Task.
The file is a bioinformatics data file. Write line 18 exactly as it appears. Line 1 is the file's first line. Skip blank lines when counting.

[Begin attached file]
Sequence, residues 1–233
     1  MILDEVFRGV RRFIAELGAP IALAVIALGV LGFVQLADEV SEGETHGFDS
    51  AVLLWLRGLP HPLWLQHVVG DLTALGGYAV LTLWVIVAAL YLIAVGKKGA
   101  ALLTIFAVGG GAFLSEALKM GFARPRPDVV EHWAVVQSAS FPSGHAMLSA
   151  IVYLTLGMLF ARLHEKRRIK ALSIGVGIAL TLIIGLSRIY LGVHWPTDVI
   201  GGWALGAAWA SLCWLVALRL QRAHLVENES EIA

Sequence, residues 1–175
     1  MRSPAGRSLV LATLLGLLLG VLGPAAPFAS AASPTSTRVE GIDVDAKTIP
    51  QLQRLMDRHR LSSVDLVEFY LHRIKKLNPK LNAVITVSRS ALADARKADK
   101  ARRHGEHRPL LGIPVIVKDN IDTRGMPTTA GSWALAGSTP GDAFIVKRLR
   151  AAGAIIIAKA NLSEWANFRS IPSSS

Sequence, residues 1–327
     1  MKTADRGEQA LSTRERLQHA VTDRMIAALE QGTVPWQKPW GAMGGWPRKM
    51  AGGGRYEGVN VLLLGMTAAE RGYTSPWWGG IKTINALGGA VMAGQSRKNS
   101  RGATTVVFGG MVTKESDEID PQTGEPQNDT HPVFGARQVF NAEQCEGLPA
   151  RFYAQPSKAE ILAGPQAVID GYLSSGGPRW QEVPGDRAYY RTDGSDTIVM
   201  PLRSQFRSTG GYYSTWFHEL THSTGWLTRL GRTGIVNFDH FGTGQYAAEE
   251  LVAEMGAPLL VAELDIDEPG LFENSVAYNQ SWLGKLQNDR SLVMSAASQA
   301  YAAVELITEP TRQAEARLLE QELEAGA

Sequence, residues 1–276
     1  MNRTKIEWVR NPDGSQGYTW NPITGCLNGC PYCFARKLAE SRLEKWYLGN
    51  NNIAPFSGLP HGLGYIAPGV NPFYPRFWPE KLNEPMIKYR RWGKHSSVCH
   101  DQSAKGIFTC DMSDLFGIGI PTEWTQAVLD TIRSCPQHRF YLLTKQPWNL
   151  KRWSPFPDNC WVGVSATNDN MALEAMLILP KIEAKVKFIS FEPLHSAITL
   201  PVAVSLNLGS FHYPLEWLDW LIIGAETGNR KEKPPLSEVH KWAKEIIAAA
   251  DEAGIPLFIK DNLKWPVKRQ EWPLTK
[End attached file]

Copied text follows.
   251  LVAEMGAPLL VAELDIDEPG LFENSVAYNQ SWLGKLQNDR SLVMSAASQA